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COVID-19 Pandemic Rattles Chinese Economy

calendar 20/04/2020 - 04:28 UTC

COVID-19, the virus pandemic that started in Wuhan, China, in November 2019, became a global health crisis in a matter of weeks. Almost immediately after the virus began to gain prominence, measures were taken to curb the spread of the virus that ended up affecting the lives of millions of Chinese. Masses of people were placed under quarantine. Those who were able to, were encouraged to work from home, while the millions that weren’t - factory workers, for example - found themselves out of work as their places of employment were temporarily shut down.

Needless to say, it didn’t take long before the effects of COVID-19 began to impact China's financial situation, causing historic changes for the world’s second largest economy. January and February 2020 were two of the worst months, as industrial production plummeted 13.5% (the historical worst) and retail sales fell 20.5% against the previous year. That, of course, included factories for some of the world’s biggest tech companies, like Apple and Tesla. Also at this time, the virus began to spread across international borders to Europe and the United States, causing both major cities and financial markets around the world to come to a screeching halt as they faced up to the prospect of an unprecedented situation.

In the following iFOREX news article, we’ll lay out the effects the COVID-19 pandemic has had on the Chinese economy, from the performance of stocks to its overall impact on the financial markets and what we might expect next.

6% shrinkage is worst in 50 yearsOne question many investors ask is "how bad is it?". The truth is we just don’t know yet. Every day brings more news, not just from the Chinese markets but from all over the world, detailing the immense financial toll the COVID-19 pandemic has and continues to cause. However, from a high-level economic perspective, analysts have estimated that the $14 trillion Chinese economy will shrink by approximately 6% in the first quarter when compared to 2019 - the worst such performance in 50 years. The shrinkage could is described as being due to the detrimental combination of reduced production, cutbacks on investments and a massive dip in retail sales.Bank of China steps in to helpWith millions either sick with the virus, out of work, or both, the task of setting the country on the road to economic recovery begins and ends with the Chinese government, which began to introduce relief compensation packages in early March, intending to dampen the economic impact by lessening taxes, encouraging government spending, and ensuring the protection of jobs. The People’s Bank of China also introduced 100 billion yuan (roughly €13 billion) into the financial system, while providing banks with cheap loans and tightening the amounts banks are able to hold in their reserves.At this point, many familiar with the devastating effects of the 2008 financial crisis on stocks and the financial markets worldwide wondered if the People’s Bank might create a stimulus package in a manner similar to what other countries such as France and the United States have done — but, at this point, it doesn’t look very likely.The worst may be over for ChinaAs the first country to bear the brunt of the COVID-19 pandemic, China also seems to be the first to show plausible signs of recovery. While in late March western countries like the UK and the US braced for the pandemic, China actually began to show an increase in economic growth, as COVID-19 restrictions were eased and companies started to return to work. The Chinese composite PMI, which traces the activity of the service and manufacturing sectors, reported a surge from 28.9 points reported in February to a whopping 53 by the 31st of March - which was more than analysts expected. Also, several Chinese manufacturers reported a PMI reading rise in new export orders, from 28.7 points in February to 46.4 on March 31st, fuelling further optimism. However, these same analysts remain wary, as this recent activity doesn’t suggest China’s economy is entirely back on track.What to expect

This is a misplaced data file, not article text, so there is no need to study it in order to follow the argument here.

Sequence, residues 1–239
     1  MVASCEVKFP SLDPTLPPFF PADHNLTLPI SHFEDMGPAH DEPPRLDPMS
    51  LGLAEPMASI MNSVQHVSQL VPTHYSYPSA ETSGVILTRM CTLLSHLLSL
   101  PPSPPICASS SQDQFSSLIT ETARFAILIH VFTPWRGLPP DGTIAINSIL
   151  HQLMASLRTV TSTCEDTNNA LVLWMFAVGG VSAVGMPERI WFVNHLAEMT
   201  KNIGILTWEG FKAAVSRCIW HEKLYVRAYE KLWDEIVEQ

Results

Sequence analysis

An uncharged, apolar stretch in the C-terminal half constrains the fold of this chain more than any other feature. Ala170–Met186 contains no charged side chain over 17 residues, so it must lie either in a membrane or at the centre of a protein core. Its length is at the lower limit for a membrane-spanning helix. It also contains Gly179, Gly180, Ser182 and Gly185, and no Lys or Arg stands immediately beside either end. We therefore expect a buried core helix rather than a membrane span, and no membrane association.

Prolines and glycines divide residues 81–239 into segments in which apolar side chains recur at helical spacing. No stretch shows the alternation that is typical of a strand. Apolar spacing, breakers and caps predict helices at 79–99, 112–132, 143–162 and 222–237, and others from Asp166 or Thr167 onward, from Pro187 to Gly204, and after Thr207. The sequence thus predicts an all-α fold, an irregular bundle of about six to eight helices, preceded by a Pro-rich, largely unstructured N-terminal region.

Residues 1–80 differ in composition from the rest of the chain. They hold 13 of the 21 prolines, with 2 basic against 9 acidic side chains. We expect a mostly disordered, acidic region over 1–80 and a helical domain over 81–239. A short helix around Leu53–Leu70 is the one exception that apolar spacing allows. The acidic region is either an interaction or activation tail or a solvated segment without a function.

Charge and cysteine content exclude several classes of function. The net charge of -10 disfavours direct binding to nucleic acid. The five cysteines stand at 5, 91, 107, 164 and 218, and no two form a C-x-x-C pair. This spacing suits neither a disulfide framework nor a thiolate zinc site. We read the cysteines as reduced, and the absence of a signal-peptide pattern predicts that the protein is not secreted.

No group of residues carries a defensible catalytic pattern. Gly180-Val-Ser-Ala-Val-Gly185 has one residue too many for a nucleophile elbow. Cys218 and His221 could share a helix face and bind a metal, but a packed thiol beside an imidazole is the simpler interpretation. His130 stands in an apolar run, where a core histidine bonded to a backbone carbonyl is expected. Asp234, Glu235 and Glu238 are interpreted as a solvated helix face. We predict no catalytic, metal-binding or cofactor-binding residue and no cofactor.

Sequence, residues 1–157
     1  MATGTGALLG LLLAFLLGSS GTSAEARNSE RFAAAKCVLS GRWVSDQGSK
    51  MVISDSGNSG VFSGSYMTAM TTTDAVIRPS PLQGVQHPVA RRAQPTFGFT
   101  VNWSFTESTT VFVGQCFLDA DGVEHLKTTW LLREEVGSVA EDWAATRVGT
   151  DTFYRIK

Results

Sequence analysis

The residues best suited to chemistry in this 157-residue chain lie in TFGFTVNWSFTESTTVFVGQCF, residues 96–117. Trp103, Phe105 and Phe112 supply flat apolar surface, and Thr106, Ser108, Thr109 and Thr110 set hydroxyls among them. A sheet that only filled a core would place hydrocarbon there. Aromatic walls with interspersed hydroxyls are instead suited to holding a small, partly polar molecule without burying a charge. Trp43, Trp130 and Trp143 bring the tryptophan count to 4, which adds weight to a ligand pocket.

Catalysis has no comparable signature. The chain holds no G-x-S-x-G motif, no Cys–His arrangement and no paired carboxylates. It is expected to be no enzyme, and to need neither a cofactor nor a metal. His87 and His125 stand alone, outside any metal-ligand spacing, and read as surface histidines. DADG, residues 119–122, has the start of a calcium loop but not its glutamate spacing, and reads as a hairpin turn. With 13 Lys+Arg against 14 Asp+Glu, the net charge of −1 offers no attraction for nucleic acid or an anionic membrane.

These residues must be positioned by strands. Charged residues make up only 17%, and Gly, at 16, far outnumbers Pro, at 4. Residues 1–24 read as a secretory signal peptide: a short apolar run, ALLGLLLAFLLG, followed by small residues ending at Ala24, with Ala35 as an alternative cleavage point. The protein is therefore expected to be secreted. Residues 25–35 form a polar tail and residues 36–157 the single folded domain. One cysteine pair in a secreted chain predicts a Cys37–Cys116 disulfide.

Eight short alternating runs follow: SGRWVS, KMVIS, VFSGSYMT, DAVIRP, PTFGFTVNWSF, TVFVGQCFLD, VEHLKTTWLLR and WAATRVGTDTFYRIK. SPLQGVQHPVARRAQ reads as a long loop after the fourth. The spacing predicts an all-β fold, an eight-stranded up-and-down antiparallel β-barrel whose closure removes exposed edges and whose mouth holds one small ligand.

The good news is that if China’s manufacturing industry can get up and running normally, that might help to restore broken supply chains that connect it to the rest of the world and start stimulating economic growth. However, with the pandemic still to peak in places like Europe and the US - two of China’s top trading partners - there’s no telling what demand on their side might look like.And that’s where many economists and financial analysts around the world find themselves, waiting and watching because even though the markets are unpredictable on a regular trading day, they're even more volatile in the midst of a global pandemic. All investors and those who are financially-minded can do is stay up-to-date by getting the latest news from sites like iFOREX, where you’ll find more informative articles like this one. At iFOREX, you'll gain a deeper insight into the market with access to a variety of trading tools, , economic calendars and market signals. Joining iFOREX also gives you the opportunity to receive free educational materials, as well as 1-on-1 training with a live coach, who can help explain the various ways to spot opportunities in today’s exceptionally volatile financial markets. 

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